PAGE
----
My Question Is This
Really, jury questions are about revealing the strategy the person is using to process the experience of losing, and Alicia's strategy was to convince herself that while Rob and Amber might have been the ones who won the game, she and the rest of the jurors had won the game of life. She was a terrible player, perhaps, but she was a superior human being. She even dragged the poor tribe flag into it, saying, "Now, you may have outwitted us, outplayed us, and outlasted us, but you have not outclassed us." Harshing the motto! Having decided to throw in, class-wise, with (among other people) Lex "Ink Flamingo" van den Berghe and Rupert "Tell Me More About The Rabbits, George" Boneham, Alicia clung to her tiny victory, assuring Rob and Amber that, in essence, she wouldn't have wanted to win if she had to do it that way. If losing was wrong, Alicia didn't want to be right.
It's one of the most common jury strategies, really, to use your question to show that whatever else can be said about you, at least you can still get up in the morning and look at yourself in the mirror. You can't buy a fancy car, you can't afford a flat-screen TV, and you didn't actually get into the Pirate Master premiere party to pick up your souvenir scabbard, but you can look in the mirror in the morning, and can they say that for themselves, those winners of one million dollars? Can they?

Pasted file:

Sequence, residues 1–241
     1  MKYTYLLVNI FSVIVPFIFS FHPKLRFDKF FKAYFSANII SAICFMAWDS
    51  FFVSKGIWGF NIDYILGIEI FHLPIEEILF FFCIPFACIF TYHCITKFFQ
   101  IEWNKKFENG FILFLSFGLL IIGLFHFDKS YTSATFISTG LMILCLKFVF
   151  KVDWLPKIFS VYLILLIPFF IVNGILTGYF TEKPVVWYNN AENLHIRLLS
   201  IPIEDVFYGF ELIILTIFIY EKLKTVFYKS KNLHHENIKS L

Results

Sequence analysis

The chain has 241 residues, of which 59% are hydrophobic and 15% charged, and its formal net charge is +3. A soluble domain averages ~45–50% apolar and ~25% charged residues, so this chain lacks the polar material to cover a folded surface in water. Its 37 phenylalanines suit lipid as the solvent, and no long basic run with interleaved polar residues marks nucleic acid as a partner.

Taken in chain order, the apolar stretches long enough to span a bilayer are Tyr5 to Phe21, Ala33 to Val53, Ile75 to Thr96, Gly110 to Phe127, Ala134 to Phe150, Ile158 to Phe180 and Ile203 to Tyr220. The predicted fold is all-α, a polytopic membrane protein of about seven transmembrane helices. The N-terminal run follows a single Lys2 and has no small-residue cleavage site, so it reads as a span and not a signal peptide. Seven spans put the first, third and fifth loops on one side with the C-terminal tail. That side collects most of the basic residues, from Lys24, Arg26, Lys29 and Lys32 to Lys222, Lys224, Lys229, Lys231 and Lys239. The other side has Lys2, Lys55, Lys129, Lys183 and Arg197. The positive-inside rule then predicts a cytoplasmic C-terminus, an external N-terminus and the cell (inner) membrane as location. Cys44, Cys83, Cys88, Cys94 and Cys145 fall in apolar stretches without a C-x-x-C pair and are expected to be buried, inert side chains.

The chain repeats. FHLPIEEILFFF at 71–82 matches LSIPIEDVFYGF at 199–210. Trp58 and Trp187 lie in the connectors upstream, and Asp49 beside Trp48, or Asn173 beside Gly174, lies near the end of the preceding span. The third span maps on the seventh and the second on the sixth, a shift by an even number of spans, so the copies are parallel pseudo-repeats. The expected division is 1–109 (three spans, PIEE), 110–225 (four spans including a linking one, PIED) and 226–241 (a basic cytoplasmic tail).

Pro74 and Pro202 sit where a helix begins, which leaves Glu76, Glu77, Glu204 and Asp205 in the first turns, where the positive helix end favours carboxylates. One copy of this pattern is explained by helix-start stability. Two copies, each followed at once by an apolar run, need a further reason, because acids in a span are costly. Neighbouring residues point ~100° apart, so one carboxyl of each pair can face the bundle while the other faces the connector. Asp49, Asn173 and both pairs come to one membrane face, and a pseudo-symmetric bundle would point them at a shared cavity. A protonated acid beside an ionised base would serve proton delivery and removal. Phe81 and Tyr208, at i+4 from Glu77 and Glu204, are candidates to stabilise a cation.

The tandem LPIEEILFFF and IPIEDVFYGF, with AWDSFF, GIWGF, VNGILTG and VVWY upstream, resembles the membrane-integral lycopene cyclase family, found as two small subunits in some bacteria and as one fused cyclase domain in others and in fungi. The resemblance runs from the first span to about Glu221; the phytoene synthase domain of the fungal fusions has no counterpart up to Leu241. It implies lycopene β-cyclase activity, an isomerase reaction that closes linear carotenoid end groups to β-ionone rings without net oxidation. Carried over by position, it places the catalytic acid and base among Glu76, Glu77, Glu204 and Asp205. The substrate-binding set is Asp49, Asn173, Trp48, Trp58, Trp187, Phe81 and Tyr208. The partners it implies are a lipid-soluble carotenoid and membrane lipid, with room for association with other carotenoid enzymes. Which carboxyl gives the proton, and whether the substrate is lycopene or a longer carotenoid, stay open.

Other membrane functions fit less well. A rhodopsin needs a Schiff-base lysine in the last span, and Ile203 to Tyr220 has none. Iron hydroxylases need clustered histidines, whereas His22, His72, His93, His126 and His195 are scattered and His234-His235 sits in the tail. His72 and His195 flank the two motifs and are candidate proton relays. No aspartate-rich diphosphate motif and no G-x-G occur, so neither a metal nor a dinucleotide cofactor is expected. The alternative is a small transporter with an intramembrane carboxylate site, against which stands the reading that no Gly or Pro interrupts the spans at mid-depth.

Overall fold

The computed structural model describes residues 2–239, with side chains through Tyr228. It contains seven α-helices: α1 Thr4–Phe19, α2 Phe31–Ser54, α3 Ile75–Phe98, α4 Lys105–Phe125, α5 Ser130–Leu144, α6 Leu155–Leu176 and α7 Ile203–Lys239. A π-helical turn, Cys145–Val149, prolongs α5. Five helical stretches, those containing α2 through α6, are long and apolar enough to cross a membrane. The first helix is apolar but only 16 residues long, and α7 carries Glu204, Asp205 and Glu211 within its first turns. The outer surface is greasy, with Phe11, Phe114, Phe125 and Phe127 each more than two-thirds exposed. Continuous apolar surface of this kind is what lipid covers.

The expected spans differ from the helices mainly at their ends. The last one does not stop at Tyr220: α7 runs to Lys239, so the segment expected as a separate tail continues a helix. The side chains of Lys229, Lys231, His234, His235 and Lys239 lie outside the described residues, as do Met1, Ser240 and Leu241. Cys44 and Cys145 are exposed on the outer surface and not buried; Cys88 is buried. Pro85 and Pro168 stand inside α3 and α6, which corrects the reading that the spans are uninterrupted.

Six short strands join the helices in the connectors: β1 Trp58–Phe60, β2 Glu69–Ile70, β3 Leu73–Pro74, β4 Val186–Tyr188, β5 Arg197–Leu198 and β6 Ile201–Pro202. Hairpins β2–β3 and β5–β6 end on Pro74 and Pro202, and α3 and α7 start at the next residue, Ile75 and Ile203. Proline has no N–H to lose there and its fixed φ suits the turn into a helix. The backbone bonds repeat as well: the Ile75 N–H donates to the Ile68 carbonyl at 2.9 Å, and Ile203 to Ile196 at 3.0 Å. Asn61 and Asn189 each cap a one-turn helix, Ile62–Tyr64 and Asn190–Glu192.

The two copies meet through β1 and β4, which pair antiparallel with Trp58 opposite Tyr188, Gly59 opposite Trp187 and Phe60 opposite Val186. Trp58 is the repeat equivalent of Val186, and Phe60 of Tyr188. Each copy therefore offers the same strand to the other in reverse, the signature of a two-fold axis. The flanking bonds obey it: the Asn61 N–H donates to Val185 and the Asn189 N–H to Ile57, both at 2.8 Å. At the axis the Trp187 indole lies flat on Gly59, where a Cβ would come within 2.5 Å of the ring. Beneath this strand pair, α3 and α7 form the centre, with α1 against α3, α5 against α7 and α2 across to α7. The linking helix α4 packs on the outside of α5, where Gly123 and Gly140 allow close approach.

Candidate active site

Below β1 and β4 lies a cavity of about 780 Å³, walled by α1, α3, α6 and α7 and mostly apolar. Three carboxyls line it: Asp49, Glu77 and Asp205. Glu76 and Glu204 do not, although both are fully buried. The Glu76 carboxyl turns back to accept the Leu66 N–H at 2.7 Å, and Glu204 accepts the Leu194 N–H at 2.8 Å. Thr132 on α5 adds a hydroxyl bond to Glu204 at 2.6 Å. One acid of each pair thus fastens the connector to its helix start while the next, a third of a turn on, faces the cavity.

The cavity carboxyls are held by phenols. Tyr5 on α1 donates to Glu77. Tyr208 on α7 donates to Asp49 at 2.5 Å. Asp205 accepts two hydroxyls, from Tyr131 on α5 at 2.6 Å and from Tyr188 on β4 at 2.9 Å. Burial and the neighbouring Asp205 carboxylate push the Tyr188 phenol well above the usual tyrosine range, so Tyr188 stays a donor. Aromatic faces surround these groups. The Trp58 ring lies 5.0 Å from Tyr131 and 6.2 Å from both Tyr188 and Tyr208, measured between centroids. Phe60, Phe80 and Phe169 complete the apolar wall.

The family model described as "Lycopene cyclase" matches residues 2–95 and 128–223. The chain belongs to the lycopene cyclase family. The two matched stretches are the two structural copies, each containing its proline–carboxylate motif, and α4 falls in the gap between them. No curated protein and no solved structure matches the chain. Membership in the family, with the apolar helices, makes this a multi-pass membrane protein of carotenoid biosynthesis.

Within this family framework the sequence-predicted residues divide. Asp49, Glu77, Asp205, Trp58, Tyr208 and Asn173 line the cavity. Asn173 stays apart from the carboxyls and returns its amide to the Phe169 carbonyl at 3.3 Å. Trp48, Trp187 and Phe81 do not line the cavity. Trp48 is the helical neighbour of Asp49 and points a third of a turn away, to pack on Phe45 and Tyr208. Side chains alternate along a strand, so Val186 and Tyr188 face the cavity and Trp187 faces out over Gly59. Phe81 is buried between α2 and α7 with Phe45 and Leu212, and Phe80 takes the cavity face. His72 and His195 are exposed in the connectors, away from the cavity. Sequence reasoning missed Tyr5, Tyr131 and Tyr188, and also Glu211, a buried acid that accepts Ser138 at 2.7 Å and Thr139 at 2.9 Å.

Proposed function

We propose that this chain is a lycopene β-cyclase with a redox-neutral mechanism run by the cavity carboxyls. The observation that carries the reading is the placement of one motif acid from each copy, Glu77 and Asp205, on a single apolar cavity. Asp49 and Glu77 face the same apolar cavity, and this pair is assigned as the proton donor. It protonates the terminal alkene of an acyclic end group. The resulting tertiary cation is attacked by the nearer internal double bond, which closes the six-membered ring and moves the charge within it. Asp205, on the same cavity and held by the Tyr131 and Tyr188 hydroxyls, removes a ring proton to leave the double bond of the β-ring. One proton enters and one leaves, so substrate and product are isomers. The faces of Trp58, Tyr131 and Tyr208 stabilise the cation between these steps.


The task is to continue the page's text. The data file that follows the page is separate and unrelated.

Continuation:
"My question is: I will be obsessed with losing to you for the rest of my life."
Almost as notorious as Sue Hawk's "rats and snakes" rant is Lex's rather pitiful attempt to chastise the infamous Boston Rob at the final tribal council of the All-Star season. It was an evening full of lame, dumb speeches -- notables include Kathy's pitiful "I get it, I get it, I get it" speech (nicely skewered in the DVD commentary with Rob's dry response: "I don't think she gets it") -- but even in a barrel of rotten fish, Lex was the biggest spoiled cod of them all. What made his speech most painful was that Lex had obviously worked on this speech for a really, really long time, honing it in front of a mirror while he lovingly kissed his own tattoos, and it was still like dialogue from a third-grade play. Don't they serve the truth at Loser Lodge, Lex? Didn't anyone listen to your speech while you were rehearsing it and say to you, "I think you should take out the part about the 'greenbacks,' on the basis that Prohibition is over"?